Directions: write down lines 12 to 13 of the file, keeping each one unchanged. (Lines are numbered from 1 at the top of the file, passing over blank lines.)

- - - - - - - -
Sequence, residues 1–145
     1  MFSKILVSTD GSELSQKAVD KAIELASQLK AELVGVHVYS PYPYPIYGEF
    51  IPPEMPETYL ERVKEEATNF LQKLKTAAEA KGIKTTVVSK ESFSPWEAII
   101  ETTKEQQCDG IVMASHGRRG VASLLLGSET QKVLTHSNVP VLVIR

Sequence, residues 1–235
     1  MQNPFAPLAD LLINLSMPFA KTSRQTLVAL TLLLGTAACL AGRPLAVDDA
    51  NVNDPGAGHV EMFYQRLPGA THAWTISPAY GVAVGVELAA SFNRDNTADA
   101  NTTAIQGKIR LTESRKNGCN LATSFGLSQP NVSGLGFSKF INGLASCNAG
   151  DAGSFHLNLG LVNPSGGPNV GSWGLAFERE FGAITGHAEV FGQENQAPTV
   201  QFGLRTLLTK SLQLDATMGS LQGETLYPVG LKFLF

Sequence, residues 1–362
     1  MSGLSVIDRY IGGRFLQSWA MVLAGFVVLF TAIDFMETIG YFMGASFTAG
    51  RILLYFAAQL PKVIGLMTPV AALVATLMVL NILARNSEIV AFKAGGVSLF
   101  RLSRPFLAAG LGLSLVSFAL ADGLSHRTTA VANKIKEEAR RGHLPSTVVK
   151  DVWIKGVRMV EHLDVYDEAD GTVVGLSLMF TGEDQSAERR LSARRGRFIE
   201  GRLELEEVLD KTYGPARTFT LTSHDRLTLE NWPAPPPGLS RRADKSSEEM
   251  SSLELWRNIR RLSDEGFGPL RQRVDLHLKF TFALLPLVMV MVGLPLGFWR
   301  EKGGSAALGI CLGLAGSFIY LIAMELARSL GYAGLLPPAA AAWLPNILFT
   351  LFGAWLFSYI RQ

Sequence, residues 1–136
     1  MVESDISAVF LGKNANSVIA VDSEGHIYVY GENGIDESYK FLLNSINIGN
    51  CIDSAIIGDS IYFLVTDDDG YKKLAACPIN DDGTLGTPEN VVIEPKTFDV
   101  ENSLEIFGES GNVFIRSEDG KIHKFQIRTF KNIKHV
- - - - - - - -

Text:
     1  MSGLSVIDRY IGGRFLQSWA MVLAGFVVLF TAIDFMETIG YFMGASFTAG
    51  RILLYFAAQL PKVIGLMTPV AALVATLMVL NILARNSEIV AFKAGGVSLF